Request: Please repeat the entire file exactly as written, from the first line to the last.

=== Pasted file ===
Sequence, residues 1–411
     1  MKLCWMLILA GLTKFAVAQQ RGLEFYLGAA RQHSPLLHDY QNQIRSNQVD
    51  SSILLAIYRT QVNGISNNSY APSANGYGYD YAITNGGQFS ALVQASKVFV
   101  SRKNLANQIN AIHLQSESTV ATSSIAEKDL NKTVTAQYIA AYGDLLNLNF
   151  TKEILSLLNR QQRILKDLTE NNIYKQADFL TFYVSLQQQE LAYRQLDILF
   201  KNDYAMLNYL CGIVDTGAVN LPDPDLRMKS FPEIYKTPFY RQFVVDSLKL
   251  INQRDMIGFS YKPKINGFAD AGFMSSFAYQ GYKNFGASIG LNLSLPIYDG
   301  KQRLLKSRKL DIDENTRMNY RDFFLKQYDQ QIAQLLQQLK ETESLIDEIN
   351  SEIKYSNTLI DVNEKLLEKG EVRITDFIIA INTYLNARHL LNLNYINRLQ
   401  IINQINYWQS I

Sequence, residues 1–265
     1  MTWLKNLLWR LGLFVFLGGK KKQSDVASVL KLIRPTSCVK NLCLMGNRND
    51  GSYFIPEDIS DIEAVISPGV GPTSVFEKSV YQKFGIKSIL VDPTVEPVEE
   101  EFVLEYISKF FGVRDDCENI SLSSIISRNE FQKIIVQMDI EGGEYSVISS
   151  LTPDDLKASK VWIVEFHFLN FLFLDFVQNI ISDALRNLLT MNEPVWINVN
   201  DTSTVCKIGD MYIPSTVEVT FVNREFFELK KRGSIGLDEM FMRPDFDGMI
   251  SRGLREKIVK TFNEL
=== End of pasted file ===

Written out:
Sequence, residues 1–411
     1  MKLCWMLILA GLTKFAVAQQ RGLEFYLGAA RQHSPLLHDY QNQIRSNQVD
    51  SSILLAIYRT QVNGISNNSY APSANGYGYD YAITNGGQFS ALVQASKVFV
   101  SRKNLANQIN AIHLQSESTV ATSSIAEKDL NKTVTAQYIA AYGDLLNLNF
   151  TKEILSLLNR QQRILKDLTE NNIYKQADFL TFYVSLQQQE LAYRQLDILF
   201  KNDYAMLNYL CGIVDTGAVN LPDPDLRMKS FPEIYKTPFY RQFVVDSLKL
   251  INQRDMIGFS YKPKINGFAD AGFMSSFAYQ GYKNFGASIG LNLSLPIYDG
   301  KQRLLKSRKL DIDENTRMNY RDFFLKQYDQ QIAQLLQQLK ETESLIDEIN
   351  SEIKYSNTLI DVNEKLLEKG EVRITDFIIA INTYLNARHL LNLNYINRLQ
   401  IINQINYWQS I

Sequence, residues 1–265
     1  MTWLKNLLWR LGLFVFLGGK KKQSDVASVL KLIRPTSCVK NLCLMGNRND
    51  GSYFIPEDIS DIEAVISPGV GPTSVFEKSV YQKFGIKSIL VDPTVEPVEE
   101  EFVLEYISKF FGVRDDCENI SLSSIISRNE FQKIIVQMDI EGGEYSVISS
   151  LTPDDLKASK VWIVEFHFLN FLFLDFVQNI ISDALRNLLT MNEPVWINVN
   201  DTSTVCKIGD MYIPSTVEVT FVNREFFELK KRGSIGLDEM FMRPDFDGMI
   251  SRGLREKIVK TFNEL